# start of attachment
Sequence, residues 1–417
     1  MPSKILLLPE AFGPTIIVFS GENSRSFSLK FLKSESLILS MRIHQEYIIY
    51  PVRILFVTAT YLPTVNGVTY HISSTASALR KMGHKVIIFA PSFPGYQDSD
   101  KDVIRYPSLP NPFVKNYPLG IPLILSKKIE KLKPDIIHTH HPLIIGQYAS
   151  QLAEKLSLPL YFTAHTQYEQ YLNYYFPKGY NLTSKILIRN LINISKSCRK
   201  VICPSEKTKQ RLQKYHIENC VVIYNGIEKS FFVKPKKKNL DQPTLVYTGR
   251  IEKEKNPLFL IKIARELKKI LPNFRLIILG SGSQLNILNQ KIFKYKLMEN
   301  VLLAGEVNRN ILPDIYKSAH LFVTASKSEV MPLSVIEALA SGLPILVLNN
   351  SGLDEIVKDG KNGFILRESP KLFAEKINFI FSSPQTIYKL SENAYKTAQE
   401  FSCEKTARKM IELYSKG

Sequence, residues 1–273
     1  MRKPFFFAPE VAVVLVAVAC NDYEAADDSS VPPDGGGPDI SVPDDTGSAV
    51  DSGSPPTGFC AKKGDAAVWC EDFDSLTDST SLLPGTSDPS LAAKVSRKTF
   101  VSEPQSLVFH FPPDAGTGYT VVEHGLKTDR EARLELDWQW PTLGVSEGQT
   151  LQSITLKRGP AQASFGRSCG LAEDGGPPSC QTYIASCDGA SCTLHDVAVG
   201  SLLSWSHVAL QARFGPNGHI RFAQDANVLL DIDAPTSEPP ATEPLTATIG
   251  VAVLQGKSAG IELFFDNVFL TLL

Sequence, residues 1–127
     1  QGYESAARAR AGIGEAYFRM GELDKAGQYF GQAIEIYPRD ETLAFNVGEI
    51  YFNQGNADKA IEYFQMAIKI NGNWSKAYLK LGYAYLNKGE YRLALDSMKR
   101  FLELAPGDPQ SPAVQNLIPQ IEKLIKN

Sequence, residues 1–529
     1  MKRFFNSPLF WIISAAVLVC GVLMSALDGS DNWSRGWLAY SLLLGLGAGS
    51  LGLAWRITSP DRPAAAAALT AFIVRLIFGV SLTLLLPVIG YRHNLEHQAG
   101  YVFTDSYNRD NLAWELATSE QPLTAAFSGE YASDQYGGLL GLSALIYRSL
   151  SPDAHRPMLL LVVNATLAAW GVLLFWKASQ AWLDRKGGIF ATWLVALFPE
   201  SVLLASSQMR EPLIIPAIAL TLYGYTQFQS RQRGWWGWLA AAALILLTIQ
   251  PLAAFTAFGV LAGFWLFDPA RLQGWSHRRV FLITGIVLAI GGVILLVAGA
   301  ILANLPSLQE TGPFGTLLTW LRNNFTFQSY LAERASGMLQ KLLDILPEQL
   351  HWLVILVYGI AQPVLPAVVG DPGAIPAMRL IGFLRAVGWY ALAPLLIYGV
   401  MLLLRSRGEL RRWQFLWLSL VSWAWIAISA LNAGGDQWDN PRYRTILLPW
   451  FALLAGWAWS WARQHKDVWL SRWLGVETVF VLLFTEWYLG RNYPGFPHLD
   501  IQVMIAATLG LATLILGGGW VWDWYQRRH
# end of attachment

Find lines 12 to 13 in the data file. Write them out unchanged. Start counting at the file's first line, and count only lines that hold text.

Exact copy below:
     1  MRKPFFFAPE VAVVLVAVAC NDYEAADDSS VPPDGGGPDI SVPDDTGSAV
    51  DSGSPPTGFC AKKGDAAVWC EDFDSLTDST SLLPGTSDPS LAAKVSRKTF